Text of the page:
A 96-year-old woman facing charges of complicity of the murder of thousands at a Nazi death camp was caught by German police after going on the run on the first day of her trial on Thursday.
Irmgard Furchner, who worked as a secretary at the Stutthof concentration camp in Nazi-occupied Poland from 1943-45, had been due to stand trial at the Itzehoe district court on Thursday charged with aiding and abetting the murder of 11,412 people, as well as complicity in 18 cases of attempted murder.
But, rather than showing up at court on Thursday morning, Furchner left the care home where she lives and took a taxi to an underground station, a spokeswoman for the court said.
Police issued an arrest warrant for Furchner, whose whereabouts were unknown for several hours until she was arrested. The court had already adjourned proceedings until October the 19th before she was located.
Furchner’s disappearance sparked outrage from Holocaust survivor’s groups, who said the move typified the brazen contempt demonstrated by the Nazi regime and those who supported it towards its victims.
“It shows cynical contempt towards survivors, and for democracy as well,” Christoph Heubner, executive president of the International Auschwitz Committee, told VICE World News.
Furchner’s disappearing act was a slap in the face for survivors and their families, some of those who were imprisoned at the camp will give evidence in court about their ordeal.
“For the survivors, it’s an incredibly sad and horrifying day, because the memories are coming back,” he said.
He was scathing of the authorities for not foreseeing that Furchner might abscond, and taking steps to prevent it happening.
Furchner’s trial will be the first in decades of a woman accused of crimes connected to the Third Reich. Due to her age at the time of the alleged offending – Furchner was 18 and 19 during her time in the camp – the trial will be held in a juvenile court.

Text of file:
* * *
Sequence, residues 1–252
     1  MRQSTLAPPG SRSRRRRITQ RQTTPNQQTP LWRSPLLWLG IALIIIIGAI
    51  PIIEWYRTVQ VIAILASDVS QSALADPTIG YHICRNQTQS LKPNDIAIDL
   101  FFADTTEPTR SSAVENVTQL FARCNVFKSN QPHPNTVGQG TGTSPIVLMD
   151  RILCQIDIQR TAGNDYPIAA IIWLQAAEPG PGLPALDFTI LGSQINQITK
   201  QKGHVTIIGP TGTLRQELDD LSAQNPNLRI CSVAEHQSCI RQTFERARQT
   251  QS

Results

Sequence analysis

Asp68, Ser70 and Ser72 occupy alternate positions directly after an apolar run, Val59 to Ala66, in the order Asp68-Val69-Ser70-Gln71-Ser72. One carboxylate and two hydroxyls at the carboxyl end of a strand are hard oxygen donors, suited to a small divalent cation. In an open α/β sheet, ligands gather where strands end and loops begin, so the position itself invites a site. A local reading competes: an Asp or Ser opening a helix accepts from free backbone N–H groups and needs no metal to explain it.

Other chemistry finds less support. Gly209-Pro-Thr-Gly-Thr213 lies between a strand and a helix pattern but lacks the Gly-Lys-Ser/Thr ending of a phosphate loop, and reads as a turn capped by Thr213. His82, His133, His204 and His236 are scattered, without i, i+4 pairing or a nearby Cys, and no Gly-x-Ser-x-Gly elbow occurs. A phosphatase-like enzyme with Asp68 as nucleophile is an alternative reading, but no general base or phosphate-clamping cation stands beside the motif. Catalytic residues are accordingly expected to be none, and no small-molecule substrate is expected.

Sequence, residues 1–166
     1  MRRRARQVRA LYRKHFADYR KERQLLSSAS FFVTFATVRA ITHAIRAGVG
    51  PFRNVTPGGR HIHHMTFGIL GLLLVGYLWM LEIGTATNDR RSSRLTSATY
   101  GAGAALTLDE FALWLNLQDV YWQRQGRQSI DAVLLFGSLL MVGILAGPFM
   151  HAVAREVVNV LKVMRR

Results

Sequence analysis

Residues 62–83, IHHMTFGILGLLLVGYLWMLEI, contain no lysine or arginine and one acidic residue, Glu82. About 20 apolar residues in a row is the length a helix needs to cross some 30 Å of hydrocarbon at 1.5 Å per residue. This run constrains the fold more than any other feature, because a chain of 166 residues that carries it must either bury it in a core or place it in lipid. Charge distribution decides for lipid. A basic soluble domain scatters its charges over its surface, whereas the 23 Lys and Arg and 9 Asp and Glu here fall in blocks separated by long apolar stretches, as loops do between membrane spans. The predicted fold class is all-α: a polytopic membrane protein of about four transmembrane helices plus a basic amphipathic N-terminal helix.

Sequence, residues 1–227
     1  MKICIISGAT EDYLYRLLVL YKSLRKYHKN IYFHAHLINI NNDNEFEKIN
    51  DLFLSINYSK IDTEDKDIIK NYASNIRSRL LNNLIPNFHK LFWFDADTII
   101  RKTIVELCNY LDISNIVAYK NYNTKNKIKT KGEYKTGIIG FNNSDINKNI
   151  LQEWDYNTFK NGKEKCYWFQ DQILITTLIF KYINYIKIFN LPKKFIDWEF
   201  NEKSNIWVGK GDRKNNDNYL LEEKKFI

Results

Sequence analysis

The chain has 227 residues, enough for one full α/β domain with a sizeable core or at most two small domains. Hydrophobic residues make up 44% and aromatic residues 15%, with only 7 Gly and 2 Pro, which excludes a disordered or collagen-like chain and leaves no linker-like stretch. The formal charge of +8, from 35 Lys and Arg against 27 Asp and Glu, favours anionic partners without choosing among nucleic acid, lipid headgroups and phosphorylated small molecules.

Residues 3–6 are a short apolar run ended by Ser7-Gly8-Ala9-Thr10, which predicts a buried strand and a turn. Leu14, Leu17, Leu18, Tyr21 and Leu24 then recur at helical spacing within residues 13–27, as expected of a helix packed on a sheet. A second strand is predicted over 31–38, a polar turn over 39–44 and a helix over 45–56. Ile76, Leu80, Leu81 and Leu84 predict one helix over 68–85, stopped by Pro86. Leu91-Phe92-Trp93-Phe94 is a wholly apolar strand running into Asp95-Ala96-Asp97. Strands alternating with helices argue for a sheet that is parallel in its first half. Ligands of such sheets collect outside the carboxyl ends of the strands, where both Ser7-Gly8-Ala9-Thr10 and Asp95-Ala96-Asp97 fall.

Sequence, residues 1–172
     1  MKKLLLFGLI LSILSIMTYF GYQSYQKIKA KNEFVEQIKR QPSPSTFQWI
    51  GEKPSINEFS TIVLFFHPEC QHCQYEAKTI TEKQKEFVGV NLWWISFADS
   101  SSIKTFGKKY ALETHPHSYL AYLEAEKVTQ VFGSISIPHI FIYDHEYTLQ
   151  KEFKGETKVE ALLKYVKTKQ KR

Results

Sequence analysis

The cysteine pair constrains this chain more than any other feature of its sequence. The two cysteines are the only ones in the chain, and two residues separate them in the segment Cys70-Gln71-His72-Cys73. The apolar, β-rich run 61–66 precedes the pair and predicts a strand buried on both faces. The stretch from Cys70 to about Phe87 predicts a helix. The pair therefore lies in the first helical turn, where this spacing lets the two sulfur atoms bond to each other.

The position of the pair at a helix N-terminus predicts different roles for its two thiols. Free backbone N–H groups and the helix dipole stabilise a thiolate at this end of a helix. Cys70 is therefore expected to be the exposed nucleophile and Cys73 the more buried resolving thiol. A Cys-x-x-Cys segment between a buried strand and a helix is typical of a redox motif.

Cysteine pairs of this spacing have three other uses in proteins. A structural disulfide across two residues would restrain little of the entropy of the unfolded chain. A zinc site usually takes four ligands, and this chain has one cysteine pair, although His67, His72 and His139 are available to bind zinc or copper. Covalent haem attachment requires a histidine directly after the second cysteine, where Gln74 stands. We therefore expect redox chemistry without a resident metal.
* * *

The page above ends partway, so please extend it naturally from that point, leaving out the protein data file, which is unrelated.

Furchner – who, after the war, married a senior SS sergeant she had met in Stutthof – has previously been called as a witness at three trials of SS leaders connected to the concentration camp, the last in 1982. In those testimonies, she claimed to know nothing about the killing taking place at the camp, where more than 65,000 people were killed.
According to reports, she is yet to formally respond to the allegations against her.
Her prosecution is one of a number of cases currently being handled by German prosecutors of people who were allegedly involved in guarding or administering Nazi camps. The prosecutions followed the landmark trial in 2011 of John Demjanjuk, a former Nazi concentration camp guard, in which the judge set a legal precedent by ruling that no matter how minor a role the accused had played in the camp, they could be held accountable for what took place there.
Following his conviction, Demjanjuk was released pending appeal, and died a year later in a nursing home.